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Kazmir gives up too much too early
MARLINS 8, RAYS 4: Florida hits two homers off the Rays starter, who fails to get his 10th win.
By MARC TOPKIN
Published June 28, 2006
MIAMI - Scott Kazmir felt good, but he wasn't sharp early in Tuesday's start against the Marlins. When he needed seven pitches to strike out opposing starter Ricky Nolasco in the third inning, he figured things weren't going to go his way. By the time he gave up hefty home runs to Miguel Olivo and Miguel Cabrera, he knew it.
What could have been a night to cement the Devil Rays left-hander's candidacy to be named to the AL All-Star team turned out to be another frustrating outing in an 8-4 loss to the Marlins.
"Kaz may have had his worst night of the season, I think, overall with his command and everything else," Rays manager Joe Maddon said. "He was just off."
Kazmir's disappointing performance wasn't the only problem as the Rays (33-45) lost a second straight game to Florida and fourth in their past five.
There were a few defensive lapses, including a popped-up bunt that Kazmir wasn't able to catch. They didn't hit well, were shut out and shut down by Nolasco through the first six innings, were limited to four hits and then, after being down 8-0, hit four solo home runs, including a team record-tying three in the seventh inning.
And, Maddon said, they appeared to be distracted by the buildup and the fallout from Tuesday's trade that sent Toby Hall and Mark Hendrickson to the Dodgers for Dioner Navarro and Jae Seo.
"The last two days have been a little disconcerting," Maddon said. "Look at the recent past, and we've been playing pretty well. We get down here, and I just think we've been a little bit out of sorts based on a lot of stuff happening. We've just got to settle back down and start playing like we have been."
With a 10th win, Kazmir would have been almost a sure thing to be included when the AL All-Star squad is announced Sunday. He still may get picked at 9-5 with a 3.59 ERA and 108 strikeouts in 1001/3 innings, but it wasn't the way he wanted to go.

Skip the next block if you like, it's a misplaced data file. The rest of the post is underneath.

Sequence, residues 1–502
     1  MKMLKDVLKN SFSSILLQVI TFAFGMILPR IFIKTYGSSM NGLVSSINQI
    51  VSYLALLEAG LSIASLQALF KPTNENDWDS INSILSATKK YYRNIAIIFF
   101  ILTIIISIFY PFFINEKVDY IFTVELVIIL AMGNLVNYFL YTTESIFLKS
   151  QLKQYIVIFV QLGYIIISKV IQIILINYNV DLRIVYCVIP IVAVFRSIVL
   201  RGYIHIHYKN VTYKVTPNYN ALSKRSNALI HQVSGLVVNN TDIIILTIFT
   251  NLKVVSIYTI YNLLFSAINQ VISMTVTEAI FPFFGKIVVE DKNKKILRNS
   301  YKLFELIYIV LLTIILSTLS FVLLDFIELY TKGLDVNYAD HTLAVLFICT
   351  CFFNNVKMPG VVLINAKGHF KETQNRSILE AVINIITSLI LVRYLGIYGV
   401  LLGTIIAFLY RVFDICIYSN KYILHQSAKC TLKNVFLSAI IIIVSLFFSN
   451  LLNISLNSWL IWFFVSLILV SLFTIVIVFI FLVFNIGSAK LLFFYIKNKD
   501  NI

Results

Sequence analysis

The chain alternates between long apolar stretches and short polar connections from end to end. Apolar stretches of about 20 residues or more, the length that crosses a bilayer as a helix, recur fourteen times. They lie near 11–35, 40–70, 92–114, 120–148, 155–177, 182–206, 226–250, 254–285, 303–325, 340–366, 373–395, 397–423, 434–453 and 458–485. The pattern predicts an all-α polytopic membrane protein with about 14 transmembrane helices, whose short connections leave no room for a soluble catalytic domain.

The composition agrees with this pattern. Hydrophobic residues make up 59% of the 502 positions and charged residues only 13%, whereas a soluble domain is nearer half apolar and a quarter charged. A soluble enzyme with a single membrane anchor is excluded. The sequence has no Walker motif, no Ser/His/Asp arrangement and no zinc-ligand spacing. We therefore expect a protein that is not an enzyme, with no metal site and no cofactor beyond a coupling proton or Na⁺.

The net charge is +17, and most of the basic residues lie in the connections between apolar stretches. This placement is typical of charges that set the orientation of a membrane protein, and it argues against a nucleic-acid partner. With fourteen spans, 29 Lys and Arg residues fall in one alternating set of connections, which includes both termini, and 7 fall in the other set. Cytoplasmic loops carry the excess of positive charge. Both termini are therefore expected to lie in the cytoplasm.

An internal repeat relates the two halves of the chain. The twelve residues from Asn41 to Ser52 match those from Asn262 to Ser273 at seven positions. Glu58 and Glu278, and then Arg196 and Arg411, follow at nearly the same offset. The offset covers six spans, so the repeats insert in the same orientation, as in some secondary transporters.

"I just felt like I was battling myself out there," Kazmir said. "Even to the pitcher, it felt like I was fighting myself just to get three strikes over. It's something you're going to find again. You're going to find your rhythm and your timing. That's really all it is for me."
Kazmir's lack of command was obvious early. He walked the leadoff batters in the first and second and the second batter in the third.
"His fastball command was off; you could see that," Maddon said. "Leadoff walk, leadoff walk, and then the second hitter walked the first three innings out. He was missing up and away. Earlier in the season when he did that he would come right back - boom - into the zone. He was having a harder time making adjustments to get it back where he wanted to be."
The Rays hit three homers in an inning five times previously, including June 4 against Toronto. Tuesday, Aubrey Huff went deep to start the inning, then Greg Norton, and after an out, Russell Branyan did as well. The Rays' fourth run came on Julio Lugo's homer in the eighth.
The Marlins hit three, but theirs went further and counted for more.
Olivo hit a three-run shot in the fourth and a two-run shot in the sixth. But Cabrera had the bigger blast, a fifth-inning shot off Kazmir that struck a sign on the facing of the upper deck at Dolphin Stadium and was estimated at 447 feet.
"Cabrera; he's a different animal," Maddon said. "That's the next Edgar Martinez right there. Or he might already be that."